My understanding is that a larger focal length corresponds to a larger working aperture diameter, since the numerator is larger.

Why doesn't a larger working diameter correspond to a brighter image? Shouldn't there be more light coming into the lens?

Wouldn't a subject framed with 42.5/1.2 lens be brighter than a 35/1.2 if the subject is framed the same?

  • \$\begingroup\$ "Constant aperture" means the F-stop stays the same, not the actual aperture diameter. \$\endgroup\$ Commented Jan 26, 2019 at 0:49
  • \$\begingroup\$ "Working aperture" is usually understood to mean the same thing as entrance pupil. \$\endgroup\$
    – Michael C
    Commented Jan 26, 2019 at 1:37

2 Answers 2


Shouldn't there be more light coming into the lens?

No, because the lens is collecting light from a narrower angle of view.

But beyond that, exposure is about brightness per unit area, not about total light collected by a lens, or even about total light spread over the entire surface of a sensor.


Ok, the only possible explanation is that similar to Gauss' law: the sub-section, sphere surface area cutout, smaller field of view actually produces less light than the large field of view did.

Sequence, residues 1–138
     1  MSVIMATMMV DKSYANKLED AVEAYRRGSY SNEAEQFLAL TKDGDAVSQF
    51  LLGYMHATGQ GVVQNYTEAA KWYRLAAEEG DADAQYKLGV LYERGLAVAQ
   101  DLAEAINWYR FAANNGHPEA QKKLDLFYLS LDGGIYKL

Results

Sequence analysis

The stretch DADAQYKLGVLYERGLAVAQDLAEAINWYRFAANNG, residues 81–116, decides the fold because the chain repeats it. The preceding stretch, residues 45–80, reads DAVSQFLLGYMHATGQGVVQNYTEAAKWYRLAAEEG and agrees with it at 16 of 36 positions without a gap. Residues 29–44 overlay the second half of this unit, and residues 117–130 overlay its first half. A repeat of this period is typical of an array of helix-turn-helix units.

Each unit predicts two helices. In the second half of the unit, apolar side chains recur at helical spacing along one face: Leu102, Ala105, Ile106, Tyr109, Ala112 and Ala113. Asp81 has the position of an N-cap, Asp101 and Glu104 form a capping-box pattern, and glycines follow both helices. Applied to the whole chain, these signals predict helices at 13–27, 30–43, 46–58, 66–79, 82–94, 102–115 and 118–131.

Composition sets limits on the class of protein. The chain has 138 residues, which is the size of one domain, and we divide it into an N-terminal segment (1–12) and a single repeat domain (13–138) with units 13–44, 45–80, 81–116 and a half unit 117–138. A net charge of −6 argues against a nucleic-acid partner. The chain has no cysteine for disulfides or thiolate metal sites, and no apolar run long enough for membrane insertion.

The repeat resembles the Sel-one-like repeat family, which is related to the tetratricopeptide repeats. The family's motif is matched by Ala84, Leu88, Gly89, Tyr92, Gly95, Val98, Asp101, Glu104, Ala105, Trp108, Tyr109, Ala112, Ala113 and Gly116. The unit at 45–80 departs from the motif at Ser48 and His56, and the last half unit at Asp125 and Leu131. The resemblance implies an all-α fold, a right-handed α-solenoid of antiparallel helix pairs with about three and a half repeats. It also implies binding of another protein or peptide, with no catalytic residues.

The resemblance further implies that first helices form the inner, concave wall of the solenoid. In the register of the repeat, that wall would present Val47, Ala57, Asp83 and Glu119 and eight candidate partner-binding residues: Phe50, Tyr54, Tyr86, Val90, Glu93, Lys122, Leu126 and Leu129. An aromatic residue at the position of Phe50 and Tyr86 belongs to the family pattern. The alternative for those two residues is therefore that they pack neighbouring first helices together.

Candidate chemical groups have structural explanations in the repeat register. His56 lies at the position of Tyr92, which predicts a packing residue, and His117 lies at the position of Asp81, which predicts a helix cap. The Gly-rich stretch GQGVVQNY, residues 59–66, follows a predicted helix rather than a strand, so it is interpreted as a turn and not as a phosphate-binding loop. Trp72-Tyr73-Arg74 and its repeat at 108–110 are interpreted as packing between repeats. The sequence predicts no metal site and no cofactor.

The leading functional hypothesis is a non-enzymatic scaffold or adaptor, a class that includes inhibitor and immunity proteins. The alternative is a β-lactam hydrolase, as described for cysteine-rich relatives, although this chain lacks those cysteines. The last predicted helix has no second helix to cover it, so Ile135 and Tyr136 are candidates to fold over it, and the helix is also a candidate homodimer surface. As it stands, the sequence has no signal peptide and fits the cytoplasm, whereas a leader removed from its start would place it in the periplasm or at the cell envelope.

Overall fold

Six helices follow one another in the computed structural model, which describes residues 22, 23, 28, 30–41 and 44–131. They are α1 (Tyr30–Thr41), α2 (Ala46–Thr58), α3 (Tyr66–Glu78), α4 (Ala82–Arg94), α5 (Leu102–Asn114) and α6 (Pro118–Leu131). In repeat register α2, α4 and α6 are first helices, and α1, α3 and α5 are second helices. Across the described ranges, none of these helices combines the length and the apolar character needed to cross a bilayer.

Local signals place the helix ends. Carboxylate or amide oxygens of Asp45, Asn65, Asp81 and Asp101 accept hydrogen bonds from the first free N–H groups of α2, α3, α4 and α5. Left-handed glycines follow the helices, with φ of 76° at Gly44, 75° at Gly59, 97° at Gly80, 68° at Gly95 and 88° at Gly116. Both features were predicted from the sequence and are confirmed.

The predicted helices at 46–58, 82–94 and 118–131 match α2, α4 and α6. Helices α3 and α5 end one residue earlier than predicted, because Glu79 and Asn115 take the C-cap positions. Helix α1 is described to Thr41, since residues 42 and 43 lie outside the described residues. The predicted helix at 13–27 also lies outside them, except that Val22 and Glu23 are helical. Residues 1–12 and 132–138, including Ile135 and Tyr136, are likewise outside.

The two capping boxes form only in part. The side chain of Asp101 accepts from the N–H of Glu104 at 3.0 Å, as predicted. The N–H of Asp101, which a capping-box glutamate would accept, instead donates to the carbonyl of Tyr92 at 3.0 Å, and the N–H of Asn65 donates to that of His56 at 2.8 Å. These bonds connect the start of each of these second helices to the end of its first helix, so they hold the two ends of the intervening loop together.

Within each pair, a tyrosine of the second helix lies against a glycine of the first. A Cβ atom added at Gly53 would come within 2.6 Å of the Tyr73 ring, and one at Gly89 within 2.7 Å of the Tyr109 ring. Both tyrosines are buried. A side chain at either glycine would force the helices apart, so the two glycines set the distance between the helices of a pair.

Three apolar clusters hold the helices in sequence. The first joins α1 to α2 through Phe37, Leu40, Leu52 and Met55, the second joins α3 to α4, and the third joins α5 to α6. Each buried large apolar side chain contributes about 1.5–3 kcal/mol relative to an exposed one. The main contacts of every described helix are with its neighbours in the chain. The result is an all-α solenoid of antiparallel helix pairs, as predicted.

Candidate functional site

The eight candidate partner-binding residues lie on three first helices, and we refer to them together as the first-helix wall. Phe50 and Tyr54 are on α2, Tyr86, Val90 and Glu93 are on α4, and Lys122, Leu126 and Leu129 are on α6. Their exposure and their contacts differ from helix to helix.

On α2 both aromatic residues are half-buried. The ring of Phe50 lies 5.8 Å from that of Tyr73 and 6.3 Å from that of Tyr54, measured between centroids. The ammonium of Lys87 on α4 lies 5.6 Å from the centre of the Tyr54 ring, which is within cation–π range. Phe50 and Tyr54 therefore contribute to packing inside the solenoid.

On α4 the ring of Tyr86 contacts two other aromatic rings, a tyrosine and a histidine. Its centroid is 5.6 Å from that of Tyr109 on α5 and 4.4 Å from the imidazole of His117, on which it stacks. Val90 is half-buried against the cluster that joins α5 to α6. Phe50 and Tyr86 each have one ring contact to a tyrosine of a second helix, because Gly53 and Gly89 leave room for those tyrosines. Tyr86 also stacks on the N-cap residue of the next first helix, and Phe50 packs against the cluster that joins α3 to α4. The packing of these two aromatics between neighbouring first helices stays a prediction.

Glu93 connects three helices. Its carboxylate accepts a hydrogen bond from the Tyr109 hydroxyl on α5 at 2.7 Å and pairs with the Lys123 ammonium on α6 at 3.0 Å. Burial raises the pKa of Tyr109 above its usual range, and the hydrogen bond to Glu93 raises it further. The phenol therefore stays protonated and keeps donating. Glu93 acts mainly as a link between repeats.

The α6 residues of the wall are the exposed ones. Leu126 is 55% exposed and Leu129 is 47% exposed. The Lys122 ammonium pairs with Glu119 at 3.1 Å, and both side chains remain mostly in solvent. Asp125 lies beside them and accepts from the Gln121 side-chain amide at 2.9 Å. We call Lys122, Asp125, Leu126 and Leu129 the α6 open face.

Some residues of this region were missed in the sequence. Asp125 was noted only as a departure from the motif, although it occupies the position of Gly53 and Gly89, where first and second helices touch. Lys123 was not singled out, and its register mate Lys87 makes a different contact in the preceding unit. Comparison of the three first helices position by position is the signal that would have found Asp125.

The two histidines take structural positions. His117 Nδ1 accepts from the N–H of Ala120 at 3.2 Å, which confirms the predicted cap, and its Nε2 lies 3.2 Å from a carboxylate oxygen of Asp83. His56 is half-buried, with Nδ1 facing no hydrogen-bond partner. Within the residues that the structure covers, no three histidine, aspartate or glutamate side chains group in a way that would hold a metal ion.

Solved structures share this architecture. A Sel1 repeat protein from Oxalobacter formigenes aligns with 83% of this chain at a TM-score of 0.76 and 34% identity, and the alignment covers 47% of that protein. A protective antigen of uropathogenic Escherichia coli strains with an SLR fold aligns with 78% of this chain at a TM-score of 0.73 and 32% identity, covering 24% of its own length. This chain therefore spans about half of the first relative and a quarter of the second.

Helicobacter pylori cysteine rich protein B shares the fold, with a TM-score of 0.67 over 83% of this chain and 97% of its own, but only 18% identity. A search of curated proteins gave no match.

The field of view is proportional to the focal length AND the working aperture, since theres a cone from the center of working aperture, out the barrel, to the fringes of the field of view, and scaling horizontally also scales the cone vertically.

So -- even though there is more light gathered, the actual scene being focused is producing less light, and they happen to balance out because focal length is correlated identically with working aperture and the field of view.

In summary: only the F-number depicts the amount of light gathered per unit area of the scene, regardless of zoom/distance and framing


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